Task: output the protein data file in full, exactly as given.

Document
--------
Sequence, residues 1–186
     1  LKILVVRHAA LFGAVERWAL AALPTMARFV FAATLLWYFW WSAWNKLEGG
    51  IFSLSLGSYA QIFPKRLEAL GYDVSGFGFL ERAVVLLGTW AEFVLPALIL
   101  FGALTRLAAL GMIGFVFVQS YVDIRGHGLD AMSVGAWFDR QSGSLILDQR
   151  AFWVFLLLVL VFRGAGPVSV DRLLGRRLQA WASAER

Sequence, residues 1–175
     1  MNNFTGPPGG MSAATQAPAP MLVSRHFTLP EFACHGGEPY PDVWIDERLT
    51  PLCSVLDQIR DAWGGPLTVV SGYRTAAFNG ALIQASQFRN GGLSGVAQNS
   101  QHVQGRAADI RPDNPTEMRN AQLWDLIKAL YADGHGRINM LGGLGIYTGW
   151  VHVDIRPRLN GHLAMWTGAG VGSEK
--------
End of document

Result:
Sequence, residues 1–186
     1  LKILVVRHAA LFGAVERWAL AALPTMARFV FAATLLWYFW WSAWNKLEGG
    51  IFSLSLGSYA QIFPKRLEAL GYDVSGFGFL ERAVVLLGTW AEFVLPALIL
   101  FGALTRLAAL GMIGFVFVQS YVDIRGHGLD AMSVGAWFDR QSGSLILDQR
   151  AFWVFLLLVL VFRGAGPVSV DRLLGRRLQA WASAER

Sequence, residues 1–175
     1  MNNFTGPPGG MSAATQAPAP MLVSRHFTLP EFACHGGEPY PDVWIDERLT
    51  PLCSVLDQIR DAWGGPLTVV SGYRTAAFNG ALIQASQFRN GGLSGVAQNS
   101  QHVQGRAADI RPDNPTEMRN AQLWDLIKAL YADGHGRINM LGGLGIYTGW
   151  VHVDIRPRLN GHLAMWTGAG VGSEK